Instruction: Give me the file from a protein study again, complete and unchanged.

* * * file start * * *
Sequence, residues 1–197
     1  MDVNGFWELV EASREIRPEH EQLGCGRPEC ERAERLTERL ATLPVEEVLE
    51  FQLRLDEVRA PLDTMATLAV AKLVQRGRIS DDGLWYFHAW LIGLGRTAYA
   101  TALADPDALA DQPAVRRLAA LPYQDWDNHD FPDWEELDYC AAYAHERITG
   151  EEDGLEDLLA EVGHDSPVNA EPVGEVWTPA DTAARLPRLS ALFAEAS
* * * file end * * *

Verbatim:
Sequence, residues 1–197
     1  MDVNGFWELV EASREIRPEH EQLGCGRPEC ERAERLTERL ATLPVEEVLE
    51  FQLRLDEVRA PLDTMATLAV AKLVQRGRIS DDGLWYFHAW LIGLGRTAYA
   101  TALADPDALA DQPAVRRLAA LPYQDWDNHD FPDWEELDYC AAYAHERITG
   151  EEDGLEDLLA EVGHDSPVNA EPVGEVWTPA DTAARLPRLS ALFAEAS